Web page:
“Yes, indeed, I have to leave soon, and that annoys me.”
“What, you must leave? And why?”
“Oh, I have some business that calls me back. I cannot stay any longer.”
They then talked of other matters.
As soon as breakfast was over the valet in black appeared. M. d’Arnelles ordered his carriage, and the man was leaving the room when the three sportsmen interfered, insisting, begging, and praying their friend to stay. One of them at last said:
“Come now, this cannot be a matter of such importance, for you have already waited two days.”
M. d’Arnelles, altogether perplexed, began to think, evidently baffled, divided between pleasure and duty, unhappy and disturbed.
After reflecting for some time he stammered:
“The fact is—the fact is—I am not alone here. I have my son-in-law.”
There were exclamations and shouts of “Your son-in-law! Where is he?”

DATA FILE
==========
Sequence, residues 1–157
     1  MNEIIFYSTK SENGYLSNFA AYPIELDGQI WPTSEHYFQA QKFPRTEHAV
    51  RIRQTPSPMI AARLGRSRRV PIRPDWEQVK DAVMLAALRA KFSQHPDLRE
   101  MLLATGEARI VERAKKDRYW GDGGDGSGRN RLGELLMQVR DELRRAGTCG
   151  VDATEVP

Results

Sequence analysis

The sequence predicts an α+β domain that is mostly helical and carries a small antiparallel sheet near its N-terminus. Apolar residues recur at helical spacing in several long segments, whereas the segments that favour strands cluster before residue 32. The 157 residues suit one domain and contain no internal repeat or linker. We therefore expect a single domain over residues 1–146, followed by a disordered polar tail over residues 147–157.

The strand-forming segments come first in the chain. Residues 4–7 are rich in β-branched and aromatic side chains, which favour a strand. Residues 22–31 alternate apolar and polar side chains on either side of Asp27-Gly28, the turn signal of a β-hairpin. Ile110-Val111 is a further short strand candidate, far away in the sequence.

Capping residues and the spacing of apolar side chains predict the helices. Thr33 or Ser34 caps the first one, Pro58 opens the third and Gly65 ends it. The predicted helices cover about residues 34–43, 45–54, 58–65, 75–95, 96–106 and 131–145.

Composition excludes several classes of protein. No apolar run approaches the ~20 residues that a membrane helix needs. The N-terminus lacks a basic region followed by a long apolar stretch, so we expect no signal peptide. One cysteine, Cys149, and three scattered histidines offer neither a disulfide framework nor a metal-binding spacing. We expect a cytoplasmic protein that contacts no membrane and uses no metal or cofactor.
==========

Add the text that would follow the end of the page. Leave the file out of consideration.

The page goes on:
He suddenly appeared confused and his face grew red.
“What! do you not know? Why—why—he is in the coach house. He is dead.”
They were all silent in amazement.
M. d’Arnelles continued, more and more disturbed:
“I had the misfortune to lose him; and as I was taking the body to my house, in Briseville, I came round this way so as not to miss our appointment. But you can see that I cannot wait any longer.”
Then one of the sportsmen, bolder than the rest said:
“Well, but—since he is dead—it seems to me that he can wait a day longer.”
The others chimed in:
“That cannot be denied.”
M. d’Arnelles appeared to be relieved of a great weight, but a little uneasy, nevertheless, he asked:
“But, frankly—do you think—”
The three others, as one man, replied:
“Parbleu! my dear boy, two days more or less can make no difference in his present condition.”
And, perfectly calmly, the father-in-law turned to the undertaker’s assistant, and said:
“Well, then, my friend, it will be the day after tomorrow.”